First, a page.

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Let the Finishes Begin

This week was a busy one on site as we really began our push on exterior and interior finishes. Inside, the local cedar tongue and groove that will serve as our ceiling and some wall sections began to be installed. It will have to be done in sections to allow us to blow the cellulose insulation effectively. The lower pitched sections on the east and west will be done first, then insulated before we can carry on moving towards the peak of our cathedral ceiling. The wood looks really great up and we are going to refrain from applying any finish to it since the natural beauty of the wood will speak for itself.

On the outside, the shingles really began flying up on the south side of the building. We are using natural paints to finish the cedar shingles and it is allowing us to create some really great designs. On the north gable a large sun will welcome visitors and on the south a few bands of warm colour will tie the scheme together nicely. It is really great to see a glimpse of what the finished product will look like and we are hoping the Camp and kids will like it as much as we do.

As you can see from the first picture, the brick wall also was completed. It really turned out well which is a credit to those who took part in it’s construction. The other project that that finished early in the week was the hempcrete south wall. That was the last wall system to be completed so we officially have a closed in space now (minus doors and windows).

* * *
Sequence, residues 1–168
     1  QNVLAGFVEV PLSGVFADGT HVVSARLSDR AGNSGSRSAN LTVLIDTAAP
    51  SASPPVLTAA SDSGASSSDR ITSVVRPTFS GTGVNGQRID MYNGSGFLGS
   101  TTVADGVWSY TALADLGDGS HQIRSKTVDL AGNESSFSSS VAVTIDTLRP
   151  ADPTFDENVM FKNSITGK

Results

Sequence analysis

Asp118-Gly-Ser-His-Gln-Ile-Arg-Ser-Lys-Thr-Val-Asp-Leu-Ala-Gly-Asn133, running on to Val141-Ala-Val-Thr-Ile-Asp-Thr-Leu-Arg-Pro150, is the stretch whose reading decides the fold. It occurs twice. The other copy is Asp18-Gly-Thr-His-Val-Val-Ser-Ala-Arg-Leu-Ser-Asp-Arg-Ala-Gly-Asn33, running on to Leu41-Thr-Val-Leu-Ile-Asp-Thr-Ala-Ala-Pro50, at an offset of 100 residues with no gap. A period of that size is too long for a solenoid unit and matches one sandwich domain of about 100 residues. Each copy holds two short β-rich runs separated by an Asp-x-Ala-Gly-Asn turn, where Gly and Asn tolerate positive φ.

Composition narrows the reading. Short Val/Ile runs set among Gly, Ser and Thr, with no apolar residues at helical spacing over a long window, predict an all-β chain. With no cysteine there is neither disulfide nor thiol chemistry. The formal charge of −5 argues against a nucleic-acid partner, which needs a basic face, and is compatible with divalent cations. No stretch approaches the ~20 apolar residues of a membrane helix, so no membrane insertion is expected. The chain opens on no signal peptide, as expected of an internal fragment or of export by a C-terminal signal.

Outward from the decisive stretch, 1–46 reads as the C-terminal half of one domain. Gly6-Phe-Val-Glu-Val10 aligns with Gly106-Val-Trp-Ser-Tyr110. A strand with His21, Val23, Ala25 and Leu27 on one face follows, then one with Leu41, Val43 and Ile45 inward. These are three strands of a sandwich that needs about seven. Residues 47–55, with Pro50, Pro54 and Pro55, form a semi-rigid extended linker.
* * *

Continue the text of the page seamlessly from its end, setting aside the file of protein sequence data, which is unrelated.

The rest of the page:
We are also at the point in the build where many of the mechanical systems arrive for installation. Arrivals this week included the rain water storage cistern and the geothermal system. The only source of water that we will be using is precipitation so the tank to house it is rather large. It was lowered into its hole to the south of the building and back-filled to the existing grade which is still quite a bit lower than the finished level. It was then insulated with the same silverboard that surrounds our foundation and is beneath the floor. The pump and filter for the system actually are fixed to the tank which is great since it will increase the amount of space in the office/mechanical room. The vertical geothermal tubes run down vertically 100 feet at the northwest corner of the building. They went into the deep holes along with grout to ensure that maximum contact between the copper pipes and surrounding earth is achieved which will maximize the efficiency of the system. The tubes were then connected to the tank and the rest of the radiant floor system via a conduit tube below the floor that has been in place since the first weeks of the project.

One other project of note that has begun inside is the installation of recycled cotton/denim insulation in the framed cavities between the pre-fabricated straw bale panels. As you may recall from previous entries, these gaps between panels house window and door openings so there isn’t too much space to fill around them. The insulation was chosen because it is both recycled and much healthier to work with than most of the alternatives available on the market. The one drawback seems to be that it can be challenging to cut to the appropriate sizes but the benefits certainly outweigh that downside. Please check out the hundreds of other photos in our photo album and continue to join us on Tuesday’s for tours.